A Cup of Tea
I’m not a tea drinker. Not because I don’t enjoy it, but simply because it makes my stomach churn in funny ways after the pleasure dissipates. But I’ve always built something romantic in my head around the idea of tea-drinking – something soothing, comforting, English, proper, and nurturing.
For the last five months, since we’ve moved to our home, every moment – and I mean, every single moment – seems to have been that breath of tea-drinking romanticism I’ve built in my head.
There is so much to be thankful for – including the down bits – and so much to treasure.
For starters, we lost our previous helper at a time when we really needed her. Looking back, I can’t say for sure how I got through packing, unpacking, taking care of Matthew, cooking and cleaning, while riding all the fatigue that accompanied my pregnancy. In no way am I implying that I was a Wonder Woman. What I’m saying in fact, is that I’ve never done those things in my life. But I got through it.
(I can’t say for sure how Augz managed to put up with my cooking and still affirm me with every dish served, cold and tasteless, or dry and way too salty. Or how he could have put up with a wife who was less than nice-looking, probably extra pale and extremely tired everyday. But he got through it.)
To be honest, a lot of that determination initially stemmed from pride – it was from having been told in my entire lifetime, that I would not be able to do it, that drove me to make sure I could.
But God definitely played peekaboo with me everyday. He reminded me to remember Him in the most unlikely of times, that is, when I was on the brink of a meltdown in the face of Matthew’s tantrums. And that did happen. There were many times when I took a breather just to say an “Our Father” that really didn’t change anything except to calm me down so I could better manage my little prince.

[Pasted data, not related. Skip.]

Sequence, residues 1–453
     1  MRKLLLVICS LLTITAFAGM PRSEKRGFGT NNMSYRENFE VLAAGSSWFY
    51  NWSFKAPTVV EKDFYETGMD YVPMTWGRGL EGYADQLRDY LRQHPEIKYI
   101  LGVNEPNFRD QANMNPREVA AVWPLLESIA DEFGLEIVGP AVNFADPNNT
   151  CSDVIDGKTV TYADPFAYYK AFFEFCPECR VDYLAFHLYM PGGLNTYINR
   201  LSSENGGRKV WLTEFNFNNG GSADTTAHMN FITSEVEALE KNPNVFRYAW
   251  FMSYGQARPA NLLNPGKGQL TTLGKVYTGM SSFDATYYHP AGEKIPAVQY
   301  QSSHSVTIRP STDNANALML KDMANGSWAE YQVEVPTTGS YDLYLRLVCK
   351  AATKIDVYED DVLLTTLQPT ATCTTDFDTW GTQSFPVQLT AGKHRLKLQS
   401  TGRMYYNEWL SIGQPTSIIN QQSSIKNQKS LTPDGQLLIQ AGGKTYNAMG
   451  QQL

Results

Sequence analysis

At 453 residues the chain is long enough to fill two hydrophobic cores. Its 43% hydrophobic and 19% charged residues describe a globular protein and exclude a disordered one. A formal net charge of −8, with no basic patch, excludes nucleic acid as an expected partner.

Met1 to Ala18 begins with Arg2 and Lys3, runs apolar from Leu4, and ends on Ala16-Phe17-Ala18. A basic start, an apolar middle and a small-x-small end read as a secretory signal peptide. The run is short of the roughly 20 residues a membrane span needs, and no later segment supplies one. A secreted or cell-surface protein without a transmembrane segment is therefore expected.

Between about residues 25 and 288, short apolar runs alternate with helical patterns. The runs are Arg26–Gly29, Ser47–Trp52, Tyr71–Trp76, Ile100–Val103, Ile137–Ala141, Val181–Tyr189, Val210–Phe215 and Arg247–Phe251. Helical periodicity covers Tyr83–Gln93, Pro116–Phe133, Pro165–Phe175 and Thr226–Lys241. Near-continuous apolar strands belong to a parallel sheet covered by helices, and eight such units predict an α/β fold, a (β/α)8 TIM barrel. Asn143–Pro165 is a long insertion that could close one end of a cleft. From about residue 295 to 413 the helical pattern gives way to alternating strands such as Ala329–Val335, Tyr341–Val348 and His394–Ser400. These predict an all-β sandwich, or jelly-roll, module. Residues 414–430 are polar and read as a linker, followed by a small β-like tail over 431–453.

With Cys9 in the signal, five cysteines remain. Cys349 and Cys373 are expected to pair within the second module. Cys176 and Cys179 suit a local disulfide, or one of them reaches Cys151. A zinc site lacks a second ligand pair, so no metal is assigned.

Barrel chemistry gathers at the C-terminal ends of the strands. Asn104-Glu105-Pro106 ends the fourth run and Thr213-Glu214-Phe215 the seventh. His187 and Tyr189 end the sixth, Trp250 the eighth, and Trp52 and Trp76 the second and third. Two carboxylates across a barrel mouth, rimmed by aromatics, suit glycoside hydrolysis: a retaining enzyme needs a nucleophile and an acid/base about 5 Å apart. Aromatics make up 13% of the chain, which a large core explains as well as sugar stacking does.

I started cooking. Like, for real. I cooked three meals a day – lunch for Matthew and myself, dinner for Matthew and dinner for Augz and I. It really wasn’t easy, for one who didn’t have to cook – and didn’t care much for proper food – to be that conscientious about our meals. It wasn’t easy also because I had to cook with Matthew in tow, and dinner for Augz and I were mostly cooked after I put Matt to sleep. But it happened.
Before I start celebrating all my little victories, the point of it all, is to emphasise on how difficult those five months were, without me realising it at that point, because of the little cups of tea that were served along the way, everyday.
I had an angel drop by to visit once a week. Consistently, without fail, come rain or shine, and I’m sure, she would have shown up at my door especially if there was snow or storm. That kept me sane in more ways than one. She was the only other adult I could actually have a conversation with, since I left my job. And on the other six days that she wasn’t at my place, she was on my whatsapp chat, checking in on me like never before. Our friendship has run deep over the years, but built on a we-exchange-a-million-stories-when-we-meet but otherwise, contact-only-when-there’s-an-emergency basis. This is much, much better.